Scientists Find No Realistic Benefit in 'Golden' Rice
Bioengineered rice loses glow as vitamin A source
The Campaign to Label Genetically Engineered Foods is circulating an interesting article that recently appeared in the St. Louis Post-Dispatch. It seems that the genetic manipulators are once again failing to meet their own claims. Here are some excerpts from that article.
by Tina HesmanWhen Swiss researchers announced last year that they had engineered rice grains to combat vitamin A deficiency, world health officials, biotech advocates and others hailed the development as a major advance in solving nutritional problems in the developing world.
Many in the biotechnology industry touted the rice - called Golden Rice for its color - as a savior for the beleaguered industry: a symbol of genetic engineering's promise.
But the rice may not be all it's puffed up to be. The product, designed to make beta-carotene, is at least five years from market.
Moreover, some critics say that the amount of rice a person would have to eat to get the nutritional benefits promised is more than humanly practical.
Their estimates equate to a child having to eat 27 to 54 bowls of rice a day to get the recommended daily allowance of vitamin A.
Consider these statistics provided by Gurdev S. Khush, the principal plant breeder at the International Rice Research Institute in the Philippines:
* About 400 million people are at risk of vitamin A deficiency, 124 million of them children.Many of the people at highest risk of developing a vitamin A deficiency live in Southeast Asia, where rice is a dietary staple. Normal rice grains don't contain vitamin A, or any of the chemicals, such as beta-carotene, that can be converted to vitamin A.
* 1 million to 2 million children die every year because of a lack of vitamin A in their diets.
* About 500,000 children go blind as a result of vitamin A deficiency.
So when researchers led by Ingo Potrykus at the Swiss Federal Institute of Technology in Zurich came up with a way to get rice to produce beta-carotene in the edible parts, the innovation seemed like a potential nutritional boon for the developing world.
Companies that owned licenses on the technology used to create the yellow rice quickly offered up duty-free rights for humanitarian uses. Monsanto Co. of Creve Coeur was one of the first agriculture biotechnology companies to get on board. Five other companies also gave up their technology licenses to allow humanitarian development of the rice.
Biotechnology industry representatives quickly seized on the companies' generosity and held Golden Rice up as a model for the way genetically modified crops could help feed the world. It was a badly needed positive message for an industry under fire, said Adrian Dubock, an executive at European biotech giant Syngenta Ltd.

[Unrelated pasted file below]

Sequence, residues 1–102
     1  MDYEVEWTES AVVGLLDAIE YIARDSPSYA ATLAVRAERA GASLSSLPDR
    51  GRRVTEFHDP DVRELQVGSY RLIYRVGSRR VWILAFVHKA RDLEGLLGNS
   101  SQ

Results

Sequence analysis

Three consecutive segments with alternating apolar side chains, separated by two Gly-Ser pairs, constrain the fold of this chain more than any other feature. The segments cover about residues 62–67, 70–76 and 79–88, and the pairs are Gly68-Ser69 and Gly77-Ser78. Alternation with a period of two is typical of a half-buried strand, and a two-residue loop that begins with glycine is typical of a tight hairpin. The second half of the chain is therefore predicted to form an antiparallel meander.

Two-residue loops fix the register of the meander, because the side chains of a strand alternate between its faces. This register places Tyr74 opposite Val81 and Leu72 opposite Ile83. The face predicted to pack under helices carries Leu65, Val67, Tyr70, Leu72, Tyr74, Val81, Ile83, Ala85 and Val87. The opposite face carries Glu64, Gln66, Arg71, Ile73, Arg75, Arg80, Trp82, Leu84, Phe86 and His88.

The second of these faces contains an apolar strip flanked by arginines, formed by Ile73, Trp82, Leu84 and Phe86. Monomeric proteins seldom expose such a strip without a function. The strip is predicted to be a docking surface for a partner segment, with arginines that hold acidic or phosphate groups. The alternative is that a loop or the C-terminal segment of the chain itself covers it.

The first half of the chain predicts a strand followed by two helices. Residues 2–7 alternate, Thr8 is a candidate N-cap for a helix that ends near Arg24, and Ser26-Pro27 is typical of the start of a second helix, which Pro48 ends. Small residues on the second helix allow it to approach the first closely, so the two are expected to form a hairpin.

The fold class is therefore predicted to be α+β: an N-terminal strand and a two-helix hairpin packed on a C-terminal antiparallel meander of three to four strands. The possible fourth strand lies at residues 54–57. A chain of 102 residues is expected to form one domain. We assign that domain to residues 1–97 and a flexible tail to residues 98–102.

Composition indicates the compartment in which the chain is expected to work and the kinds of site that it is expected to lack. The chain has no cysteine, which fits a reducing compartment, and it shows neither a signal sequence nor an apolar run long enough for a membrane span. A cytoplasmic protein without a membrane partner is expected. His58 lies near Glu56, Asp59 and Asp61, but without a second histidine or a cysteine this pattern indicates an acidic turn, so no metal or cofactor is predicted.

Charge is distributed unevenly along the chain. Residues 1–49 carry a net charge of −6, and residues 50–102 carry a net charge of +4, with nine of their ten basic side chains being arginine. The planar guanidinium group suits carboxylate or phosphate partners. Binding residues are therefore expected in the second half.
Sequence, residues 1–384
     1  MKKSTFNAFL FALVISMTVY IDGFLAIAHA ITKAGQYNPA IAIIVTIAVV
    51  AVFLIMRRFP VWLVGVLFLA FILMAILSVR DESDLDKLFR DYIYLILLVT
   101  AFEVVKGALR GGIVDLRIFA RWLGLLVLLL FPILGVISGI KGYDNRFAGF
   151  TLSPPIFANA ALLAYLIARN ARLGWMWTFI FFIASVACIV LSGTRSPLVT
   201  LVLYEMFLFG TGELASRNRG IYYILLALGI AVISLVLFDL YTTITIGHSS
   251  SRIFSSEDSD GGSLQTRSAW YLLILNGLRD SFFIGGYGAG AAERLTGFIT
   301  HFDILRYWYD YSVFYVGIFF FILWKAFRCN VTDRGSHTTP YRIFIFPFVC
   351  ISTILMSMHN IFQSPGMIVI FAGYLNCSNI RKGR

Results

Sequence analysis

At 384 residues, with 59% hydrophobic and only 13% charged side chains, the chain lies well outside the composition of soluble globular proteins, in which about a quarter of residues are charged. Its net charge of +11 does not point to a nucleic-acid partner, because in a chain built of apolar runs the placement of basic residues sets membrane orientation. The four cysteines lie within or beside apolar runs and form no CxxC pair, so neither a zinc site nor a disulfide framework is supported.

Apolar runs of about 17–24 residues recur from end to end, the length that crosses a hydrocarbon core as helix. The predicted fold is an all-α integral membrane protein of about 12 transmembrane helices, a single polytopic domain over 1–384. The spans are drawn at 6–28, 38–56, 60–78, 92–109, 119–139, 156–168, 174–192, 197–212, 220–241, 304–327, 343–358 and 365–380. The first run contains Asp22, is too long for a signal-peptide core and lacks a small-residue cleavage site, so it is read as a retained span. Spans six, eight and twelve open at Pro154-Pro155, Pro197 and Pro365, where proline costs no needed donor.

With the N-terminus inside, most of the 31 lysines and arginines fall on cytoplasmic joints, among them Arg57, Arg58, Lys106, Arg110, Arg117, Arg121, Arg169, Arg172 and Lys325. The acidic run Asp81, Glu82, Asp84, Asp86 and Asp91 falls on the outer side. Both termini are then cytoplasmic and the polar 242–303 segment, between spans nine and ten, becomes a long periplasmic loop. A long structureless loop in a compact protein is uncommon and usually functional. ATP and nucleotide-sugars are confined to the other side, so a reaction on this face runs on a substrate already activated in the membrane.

But not everyone bought the soft-focus television images of mothers frolicking with their children while a smooth announcer discussed the potential benefits of Golden Rice and biotechnology.
"This whole project is actually based on what can only be characterized as intentional deception," said Greenpeace campaigner Von Hernandez in a prepared statement. "We recalculated their figures again and again. We just could not believe companies would do this."
Golden Rice won't be ready for widespread use in developing countries for another five or six years, rice breeder Khush said.
Activists are questioning the nutritional value of the rice as well.
By the most conservative estimates of nutritionists, a 4-year-old would have to eat nearly 4 pounds of Golden Rice, which would fill about 9 cups, to meet the entire recommended daily allowance of vitamin A. And that's 4 pounds of uncooked rice.
Cooked, the rice would fill more than 27 bowls - well beyond the amount of rice any child could be expected to eat in a day.
A new report by the Food and Nutrition Board of the Institutes of Medicine, which is associated with the National Academies of Science, indicates that the situation could be even worse.
Previous nutritional calculations were based upon data that indicated that the body needs 6 micrograms of beta-carotene to produce 1 microgram of vitamin A. More recent studies suggest that it takes 12 micrograms or more of beta-carotene from food to make 1 microgram of vitamin A in the body.
Based on the new estimate, a 4-year-old would have to eat 54 bowls of Golden Rice to get all the vitamin A in the recommended daily allowance.
When will the genetic manipulation corporations stop doing public relations and lobbying, and start doing serious science instead? How did they get exclusive licenses to taxpayer-funded research in the first place? What's your view on all this? Share your opinions with others at The Progress Report:
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